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Yanukovych's Unlimited Stupidity

Published: January 31, 2014 (Issue # 1795)


Former German Chancellor Konrad Adenauer once said, "In view of the fact that God limited the intelligence of man, it seems unfair that He did not also limit his stupidity." Every one of Ukrainian President Viktor Yanukovych's recent actions provides living proof of this statement.

The Yanukovych administration is marked by two main features. First, Yanukovych is essentially a small-time criminal, and such people have a unique profile. They are typically rather dull, always looking for an opportunity to steal and incapable of anticipating the long-term consequences of their actions.

Second, Ukraine is actually ruled by Yanukovych's eldest son and his friends — all filthy rich. Since coming to power, Yanukovych has fired all of his original associates and alienated his initial sponsors, such as oligarchs Rinat Akhmetov and Dmytro Firtash.

Also by the author: Thanks, Angela Merkel, for Freeing Khodorkovsky

That is why it would be pointless to look for strategic goals in the actions of the Ukrainian authorities. Instead, every move is motivated by the simplistic thinking of a small-time criminal and a group of overly confident and spoiled youth who believe, for example, that a car's gas pedal is for real men and the brake is for sissies.

Why did the authorities disperse the first group of protesters back in November? There is no logical explanation for it, except perhaps pure political incompetence.

The Yanukovych regime has dispatched hired thugs to beat everyone they encounter, set cars on fire and generally terrorize the population so Ukrainians will be afraid to leave their homes and join anti-government street rallies.

Perhaps there is a rational explanation for this decision. Maybe thugs were given instructions to beat only opposition leaders, but with their inherent love of violence, they found it more satisfying to beat everyone who crossed their path. But the real explanation is probably that the thugs were not hired with any strategic goal in mind but simply to give leaders a way to take revenge against the protesters.

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ALL ABOUT TOWN

Wednesday, Oct. 22


English teachers can expect to receive a few useful pointers today from Evgeny Kalashnikov, the British Council regional teacher, during the EFL Seminar this afternoon hosted by the British Book Center. The topic of today’s seminar is “Grammar Practice.”


Young Petersburgers will get the chance to jumpstart their careers at “Professional Growth,” a job fair and forum featuring more than 40 major Russian and international companies vying for potential candidates for future positions. The forum not only is a chance to network but also to learn more about the modern business world and to understand what it takes to get the job you want.



Thursday, Oct. 23


AmCham’s Public Relations Committee meeting is scheduled to meet this morning at 9 a.m. in their office in the New St. Isaac Office Center.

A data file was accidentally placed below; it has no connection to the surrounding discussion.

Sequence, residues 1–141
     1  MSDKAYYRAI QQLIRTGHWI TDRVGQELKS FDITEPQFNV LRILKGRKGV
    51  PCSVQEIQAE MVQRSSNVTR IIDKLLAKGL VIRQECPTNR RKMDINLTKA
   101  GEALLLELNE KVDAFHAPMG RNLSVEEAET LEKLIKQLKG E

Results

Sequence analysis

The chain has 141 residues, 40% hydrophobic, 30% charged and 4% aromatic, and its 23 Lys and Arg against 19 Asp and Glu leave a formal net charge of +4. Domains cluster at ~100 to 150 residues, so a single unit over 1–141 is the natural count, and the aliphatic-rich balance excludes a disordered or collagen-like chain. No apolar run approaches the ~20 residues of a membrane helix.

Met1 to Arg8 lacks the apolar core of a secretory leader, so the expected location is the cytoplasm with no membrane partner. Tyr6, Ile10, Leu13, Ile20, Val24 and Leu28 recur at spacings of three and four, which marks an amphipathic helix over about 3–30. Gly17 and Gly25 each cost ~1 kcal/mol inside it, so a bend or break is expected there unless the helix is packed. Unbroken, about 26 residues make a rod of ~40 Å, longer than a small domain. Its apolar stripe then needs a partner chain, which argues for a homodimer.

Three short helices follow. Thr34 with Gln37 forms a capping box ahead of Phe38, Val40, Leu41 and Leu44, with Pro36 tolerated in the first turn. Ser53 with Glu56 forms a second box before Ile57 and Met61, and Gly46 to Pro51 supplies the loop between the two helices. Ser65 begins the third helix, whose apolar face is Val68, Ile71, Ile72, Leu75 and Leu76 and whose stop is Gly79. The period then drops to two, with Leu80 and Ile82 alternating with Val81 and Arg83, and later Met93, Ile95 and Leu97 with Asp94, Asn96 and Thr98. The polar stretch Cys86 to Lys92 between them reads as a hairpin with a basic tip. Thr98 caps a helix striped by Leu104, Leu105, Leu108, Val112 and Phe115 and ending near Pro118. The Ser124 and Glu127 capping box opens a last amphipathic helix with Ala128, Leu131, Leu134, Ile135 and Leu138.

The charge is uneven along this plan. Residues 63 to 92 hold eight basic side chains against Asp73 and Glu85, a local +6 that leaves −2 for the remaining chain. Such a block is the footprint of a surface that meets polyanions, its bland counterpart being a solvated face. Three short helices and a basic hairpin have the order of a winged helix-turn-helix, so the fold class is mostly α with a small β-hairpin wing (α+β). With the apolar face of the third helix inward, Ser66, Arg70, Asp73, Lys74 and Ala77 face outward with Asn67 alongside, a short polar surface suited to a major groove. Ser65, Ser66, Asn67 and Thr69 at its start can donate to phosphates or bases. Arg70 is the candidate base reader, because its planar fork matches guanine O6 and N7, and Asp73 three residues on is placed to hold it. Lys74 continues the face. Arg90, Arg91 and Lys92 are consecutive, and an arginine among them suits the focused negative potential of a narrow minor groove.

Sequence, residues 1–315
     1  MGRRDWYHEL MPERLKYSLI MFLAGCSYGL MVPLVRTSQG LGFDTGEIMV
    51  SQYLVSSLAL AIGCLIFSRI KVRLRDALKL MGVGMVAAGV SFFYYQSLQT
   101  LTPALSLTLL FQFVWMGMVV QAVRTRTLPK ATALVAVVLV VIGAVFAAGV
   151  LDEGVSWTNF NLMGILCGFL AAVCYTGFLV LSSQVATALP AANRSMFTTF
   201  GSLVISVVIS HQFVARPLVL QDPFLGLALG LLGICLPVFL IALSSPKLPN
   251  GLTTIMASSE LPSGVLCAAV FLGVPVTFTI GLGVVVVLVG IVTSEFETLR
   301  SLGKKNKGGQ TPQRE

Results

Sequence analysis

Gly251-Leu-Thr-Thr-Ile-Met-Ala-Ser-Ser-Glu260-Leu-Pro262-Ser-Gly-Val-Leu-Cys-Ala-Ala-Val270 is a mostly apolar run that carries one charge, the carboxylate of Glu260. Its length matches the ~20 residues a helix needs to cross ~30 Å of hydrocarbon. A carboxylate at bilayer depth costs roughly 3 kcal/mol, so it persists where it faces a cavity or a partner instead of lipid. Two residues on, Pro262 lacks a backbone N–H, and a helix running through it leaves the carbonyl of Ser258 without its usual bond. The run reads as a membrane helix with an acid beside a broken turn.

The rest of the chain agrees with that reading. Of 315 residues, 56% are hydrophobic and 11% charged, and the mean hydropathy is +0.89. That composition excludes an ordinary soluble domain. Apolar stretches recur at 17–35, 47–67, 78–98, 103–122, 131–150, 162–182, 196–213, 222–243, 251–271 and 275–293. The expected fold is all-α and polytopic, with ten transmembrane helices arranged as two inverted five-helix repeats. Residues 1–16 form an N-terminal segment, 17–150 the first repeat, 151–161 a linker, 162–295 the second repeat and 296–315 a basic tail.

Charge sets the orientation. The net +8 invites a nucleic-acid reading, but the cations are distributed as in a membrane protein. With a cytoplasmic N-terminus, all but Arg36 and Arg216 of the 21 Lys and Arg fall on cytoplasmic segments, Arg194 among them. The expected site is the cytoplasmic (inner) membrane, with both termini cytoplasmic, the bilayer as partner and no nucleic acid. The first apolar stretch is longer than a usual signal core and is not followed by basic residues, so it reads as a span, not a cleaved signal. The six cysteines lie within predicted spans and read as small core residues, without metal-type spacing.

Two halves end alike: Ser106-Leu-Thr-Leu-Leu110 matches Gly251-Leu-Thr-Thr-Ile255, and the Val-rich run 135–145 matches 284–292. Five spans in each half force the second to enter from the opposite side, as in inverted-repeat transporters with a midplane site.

Sportsmen get their chance to stock up on all kinds of gear at the Hunting and Fishing 2014 exhibition starting today at Lenexpo. Everything from rods and reels to boats, motorcycles and equipment for underwater hunting will be on sale so that any avid outdoorsman can always be prepared.



Friday, Oct. 24


SPIBA’s ongoing “Breakfast with the Director” series continues today, featuring Tomas Hajek, Managing Director of the Northwest Division at Danone Russia. Hajek will be discussing collaborations between businesses from different cultures. The meeting is at 9 a.m. at the Domina Prestige St. Petersburg hotel and all who wish to attend must confirm their participation by Oct. 23.


Get your gong on at “Sounds of the Universe,” a concert at the city planetarium this evening incorporating six different gongs to create relaxing songs that will transport you upwards into the stratosphere. Tickets are 700 rubles ($17).



Saturday, Oct. 25


AVA Expo, the eighth edition of the event revolving around all things pop culture, returns to Lenexpo this weekend. Geeks, nerds, dweebs and dorks will have their chance to talk science fiction and explore a variety of international pop culture. Tickets for the event can be purchased on their website at avaexpo.ru.



Sunday, Oct. 26


Zenit St. Petersburg returns home for the first time in nearly a month as they host Mordovia Saransk in a Russian Premier League game. Currently at the top of the league thanks to their undefeated start to the season, the northern club hopes to extend the gap between them and second-place CSKA Moscow and win the title for the first time in three years. Tickets are available at the stadium box office or on the club’s website.



Monday, Oct. 27


Today marks the end of the art exhibit “Neophobia” at the Erarta Museum. Artists Alexey Semichov and Andrei Kuzmin took a neo-modernist approach to represent the array of fears that are ever-present throughout our lives. Tickets are 200 rubles ($4.90).



Tuesday, Oct. 28


The Domina Prestige St. Petersburg hotel plays host to SPIBA’s Marketing and Communications Committee’s round table discussion on “Government Relations Practices in Russia” this morning. The discussion starts at 9:30 a.m. and participation must be confirmed by Oct. 24.



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